Waterproof Flooring 101

Waterproof flooring seems like an easy fix to those messy spills, or pets having accidents. However, not all flooring may be the best for waterproofing an area in your home.

When used to describe flooring materials, the term organic refers to plant-based materials, such as solid hardwood, engineered wood, or bamboo. When presented with moisture, these organic flooring materials will quickly begin to decompose, and they can soon become infected with a variety of bacteria and molds.

Bamboo

On the other hand, the term inorganic refers to products that are made from synthetically refined chemicals, and they are usually resistant to the effects of moisture.

Now, onto the difference between waterproof vs water-resistant. Waterproof: impervious to water. Water-resistant: able to resist the penetration of water. Waterproof is permanent, meaning that the water will never be able to penetrate the flooring no matter the amount of time that has passed. However, with a water-resistant floor, the water will eventually be soaked up into the flooring material.

Areas of your home that are damp, moist, or wet pose challenges for flooring because there are so many flooring materials that are vulnerable to mold, rot, and mechanical breakdown of the makeup when they are exposed to moisture.

Best Waterproof Flooring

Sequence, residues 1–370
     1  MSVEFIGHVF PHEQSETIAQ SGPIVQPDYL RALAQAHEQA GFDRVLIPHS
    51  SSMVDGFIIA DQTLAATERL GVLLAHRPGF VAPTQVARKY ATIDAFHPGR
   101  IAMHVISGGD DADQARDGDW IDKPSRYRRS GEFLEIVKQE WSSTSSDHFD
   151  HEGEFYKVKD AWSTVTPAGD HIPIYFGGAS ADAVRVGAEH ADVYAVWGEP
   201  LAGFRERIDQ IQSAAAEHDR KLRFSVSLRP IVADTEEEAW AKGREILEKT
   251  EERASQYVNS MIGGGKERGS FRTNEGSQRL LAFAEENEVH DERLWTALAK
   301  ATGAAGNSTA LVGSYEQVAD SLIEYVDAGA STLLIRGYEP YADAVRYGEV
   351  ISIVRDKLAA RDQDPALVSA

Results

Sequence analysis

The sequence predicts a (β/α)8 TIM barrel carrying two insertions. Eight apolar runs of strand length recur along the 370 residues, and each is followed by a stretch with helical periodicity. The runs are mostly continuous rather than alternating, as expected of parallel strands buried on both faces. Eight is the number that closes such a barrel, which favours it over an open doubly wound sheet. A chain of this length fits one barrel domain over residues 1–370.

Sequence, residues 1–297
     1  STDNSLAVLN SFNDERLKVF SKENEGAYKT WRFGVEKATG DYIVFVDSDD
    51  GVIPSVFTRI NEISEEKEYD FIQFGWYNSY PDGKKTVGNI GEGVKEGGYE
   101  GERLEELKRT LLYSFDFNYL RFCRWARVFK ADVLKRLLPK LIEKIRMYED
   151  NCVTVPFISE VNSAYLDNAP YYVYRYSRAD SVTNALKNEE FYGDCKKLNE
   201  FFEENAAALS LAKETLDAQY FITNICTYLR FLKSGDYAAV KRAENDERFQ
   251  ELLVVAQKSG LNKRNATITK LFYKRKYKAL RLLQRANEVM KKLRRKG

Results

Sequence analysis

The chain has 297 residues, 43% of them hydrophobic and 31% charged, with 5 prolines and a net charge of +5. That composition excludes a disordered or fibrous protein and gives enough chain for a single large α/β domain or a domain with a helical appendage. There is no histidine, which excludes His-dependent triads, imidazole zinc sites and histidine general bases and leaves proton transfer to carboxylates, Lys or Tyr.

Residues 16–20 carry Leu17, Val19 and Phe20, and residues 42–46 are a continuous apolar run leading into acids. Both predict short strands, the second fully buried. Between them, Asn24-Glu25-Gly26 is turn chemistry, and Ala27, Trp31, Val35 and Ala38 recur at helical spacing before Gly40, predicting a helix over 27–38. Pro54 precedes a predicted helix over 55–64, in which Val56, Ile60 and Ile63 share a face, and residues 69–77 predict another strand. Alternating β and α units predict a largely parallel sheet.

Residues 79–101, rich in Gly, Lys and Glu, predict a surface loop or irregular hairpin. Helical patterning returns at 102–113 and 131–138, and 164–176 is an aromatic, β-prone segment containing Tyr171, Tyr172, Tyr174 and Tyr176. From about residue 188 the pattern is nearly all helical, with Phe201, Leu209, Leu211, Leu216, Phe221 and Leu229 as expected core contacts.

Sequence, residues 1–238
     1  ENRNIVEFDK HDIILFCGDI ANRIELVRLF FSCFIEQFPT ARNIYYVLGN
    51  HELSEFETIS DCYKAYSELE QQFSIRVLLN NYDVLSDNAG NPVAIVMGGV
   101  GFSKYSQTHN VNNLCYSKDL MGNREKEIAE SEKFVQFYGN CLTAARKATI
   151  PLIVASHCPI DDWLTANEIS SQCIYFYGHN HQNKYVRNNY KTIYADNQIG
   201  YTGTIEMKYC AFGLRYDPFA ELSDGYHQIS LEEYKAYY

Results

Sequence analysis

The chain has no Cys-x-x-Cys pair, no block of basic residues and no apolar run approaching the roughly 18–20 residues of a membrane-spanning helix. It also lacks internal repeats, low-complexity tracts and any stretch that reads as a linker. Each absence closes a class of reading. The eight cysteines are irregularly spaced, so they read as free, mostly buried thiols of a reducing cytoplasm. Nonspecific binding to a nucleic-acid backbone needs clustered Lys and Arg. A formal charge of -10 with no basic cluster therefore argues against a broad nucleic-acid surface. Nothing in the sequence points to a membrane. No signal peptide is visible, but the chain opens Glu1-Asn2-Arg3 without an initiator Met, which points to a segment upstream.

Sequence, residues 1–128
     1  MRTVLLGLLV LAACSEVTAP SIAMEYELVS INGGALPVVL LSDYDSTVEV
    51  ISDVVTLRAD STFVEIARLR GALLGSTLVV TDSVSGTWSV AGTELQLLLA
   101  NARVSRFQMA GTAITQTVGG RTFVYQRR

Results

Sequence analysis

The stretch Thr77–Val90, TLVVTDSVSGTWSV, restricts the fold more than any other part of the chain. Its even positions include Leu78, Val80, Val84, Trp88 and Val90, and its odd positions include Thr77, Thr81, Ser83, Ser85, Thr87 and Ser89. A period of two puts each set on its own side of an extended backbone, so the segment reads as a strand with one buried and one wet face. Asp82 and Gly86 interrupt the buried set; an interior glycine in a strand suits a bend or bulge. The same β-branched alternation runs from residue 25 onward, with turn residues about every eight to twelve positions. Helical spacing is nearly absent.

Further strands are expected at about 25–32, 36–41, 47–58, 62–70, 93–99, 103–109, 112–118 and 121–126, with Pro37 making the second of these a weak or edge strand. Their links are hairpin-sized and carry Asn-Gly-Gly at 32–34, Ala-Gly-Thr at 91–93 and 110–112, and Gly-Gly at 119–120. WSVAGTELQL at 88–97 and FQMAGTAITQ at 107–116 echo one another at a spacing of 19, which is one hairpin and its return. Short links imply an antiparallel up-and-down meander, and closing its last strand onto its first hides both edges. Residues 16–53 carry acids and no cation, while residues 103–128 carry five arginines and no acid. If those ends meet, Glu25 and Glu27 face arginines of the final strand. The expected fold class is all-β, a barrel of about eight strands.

Sheet Vinyl: This is a 100% waterproof solid surface and usually is has very few seams that allow water to penetrate the surface.

Tile: Tile’s top surface is made of a durable glaze that will not let any liquids seep through, which makes it ideal for waterproofing bathrooms. Both ceramic and porcelain tiles are great for waterproofing. They are both almost impenetrable and will not let liquids soak in, allowing for easy maintenance and worry-free cleaning.

Tile Flooring

Worst Waterproof Flooring

Carpeting: Once wet, carpet dries out extremely slowly. Generally, no matter what type of material the carpeting is made from, you should not install it in wet or even semi-wet areas.

Solid Hardwood: Most solid hardwood flooring will not work in below-grade environments such as basements and is strongly discouraged for bathrooms where water is prevalent. Also, the edges of pre-finished hardwood are often beveled, which can channel water into the seams. When water is absorbed into the wood, the wood starts to swell and eventually cracks if enough water is taken in. In turn, this then leads to more money spent because now the wood has to be replaced.

Hardwood Flooring

Although waterproof and water-resistant sound like the exact same thing, purchasing a waterproof floor can ensure that all will be okay. At the end of the day, even though all floorings are different, waterproof flooring is still waterproof flooring. There is never a need to worry. To learn more about waterproof flooring materials, contact your local flooring professionals today.

 

Sources: https://www.thespruce.com/, https://www.flooringinc.com/

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